Mac Mini


I was in a computer shop on Tottenham Court Road the other day, and i looked a Shuttle machine and thought "Apple make some lovely desktop machines, but i wish they made a funky little compact like that".

Enter the Mac Mini.

Apple heard my dreams, reached out its mighty arm, and laid the smack down. Step to Apple's designs and get burned.

I had some insightful comment about the Mac Mini, but i've spend so much time fiddling with the CSS here that i've forgotten what it was.

Oh, that's it: the mMac (as everyone will soon be calling it) is tiny, and it looks nice. Well yes, you might say; it's a modest machine, so it doesn't need to be big, and it's a Mac, so of course it looks nice. Duh, you might even say. But there's more to it than this; there was really no need for it to be that small, and it might not have been quite so reminiscent of the iPod. No, the point is that ceci n'est pas un ordinateur; yes, it has all the parts of a computer, and it is indeed a general-purpose computing device exactly equivalent to a computer, but the product is not a computing machine, pitched against low-end PCs. It's a fashion accessory. It doesn't extend the Mac range downward, it extends the iPod range upward. People who bought an iPod, and loved it, and loved being seen with it, will buy one - the $500 price tag puts it just inside the comfort zone for something approximating an impulse buy (for some people). They will put it on their coffee table and invite their friends over. They will put it on their desk at work and effortlessly outcool their coworkers. They will not buy it to replace; they will buy it to augment. Apple have understood Froggatt's Theorem, and are neatly sidestepping market forces. It's Sun Tzu. It's genius.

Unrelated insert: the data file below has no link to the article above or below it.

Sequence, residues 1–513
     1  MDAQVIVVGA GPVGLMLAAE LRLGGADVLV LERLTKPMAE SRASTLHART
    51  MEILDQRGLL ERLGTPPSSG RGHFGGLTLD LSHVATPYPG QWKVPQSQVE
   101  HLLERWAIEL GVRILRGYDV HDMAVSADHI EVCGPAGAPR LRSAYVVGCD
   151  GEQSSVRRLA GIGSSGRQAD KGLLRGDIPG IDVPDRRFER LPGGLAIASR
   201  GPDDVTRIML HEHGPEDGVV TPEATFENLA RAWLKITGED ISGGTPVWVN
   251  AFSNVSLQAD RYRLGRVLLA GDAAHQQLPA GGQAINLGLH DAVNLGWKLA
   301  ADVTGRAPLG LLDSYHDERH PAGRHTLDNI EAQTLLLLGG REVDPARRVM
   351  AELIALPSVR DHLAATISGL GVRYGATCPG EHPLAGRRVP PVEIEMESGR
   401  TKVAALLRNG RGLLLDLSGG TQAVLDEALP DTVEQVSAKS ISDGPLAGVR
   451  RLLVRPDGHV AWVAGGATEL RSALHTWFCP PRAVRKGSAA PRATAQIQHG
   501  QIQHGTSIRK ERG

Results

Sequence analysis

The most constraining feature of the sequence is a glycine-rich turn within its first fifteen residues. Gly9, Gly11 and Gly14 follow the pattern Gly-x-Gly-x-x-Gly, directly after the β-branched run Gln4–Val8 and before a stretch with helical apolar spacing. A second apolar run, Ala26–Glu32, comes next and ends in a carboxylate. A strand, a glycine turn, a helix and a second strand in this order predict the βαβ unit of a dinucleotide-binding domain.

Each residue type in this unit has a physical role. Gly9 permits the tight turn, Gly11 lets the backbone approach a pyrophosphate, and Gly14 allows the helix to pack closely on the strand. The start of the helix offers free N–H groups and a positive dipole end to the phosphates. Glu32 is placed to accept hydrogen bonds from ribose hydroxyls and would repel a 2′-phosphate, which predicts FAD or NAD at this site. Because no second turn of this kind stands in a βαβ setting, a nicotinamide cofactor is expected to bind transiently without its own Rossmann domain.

The other thing that strikes me is how like a console this thing is in terms of form factor (a small console; it's 1.38 litres and 1.32 kg, rather less than the XBox's 7.73 litres and 3.86 kg). Apple also makes a big deal about its ability to plug into a TV - provided you've got an S-video TV and an S-video lead lying about, that is (okay, so it does composite video too, and that's much more common, but still - a DVI-to-SCART cable would do wonders; shit, i'd buy one). Not to summon the shade of the Pippin, but is this not so much an attempt to convert iPod fans into Mac users, as the pundits are saying, as a play in the direction of the console/home media centre/lifestyle box space? After all, Microsoft are pushing in that direction with all that Media Center crap. Mind you, i could have said the same about the Cube. Man, the Cube was cool. WANT CUBE.

The funniest thing about the spread of Mac (which will happen Real Soon Now - don't bother me with facts when i'm envisioning) is that it's putting BSD UNIX (or something reasonably like it) in millions of homes. When, about thirty years ago in Berkeley, Bill Joy and Chuck Haley sat down (with an editor written by my old mate George Coulouris!) and started work on their Pascal system, i wonder if they had any idea ...

ObSlashdot: BSD is dying. Imagine a Beowulf cluster of these!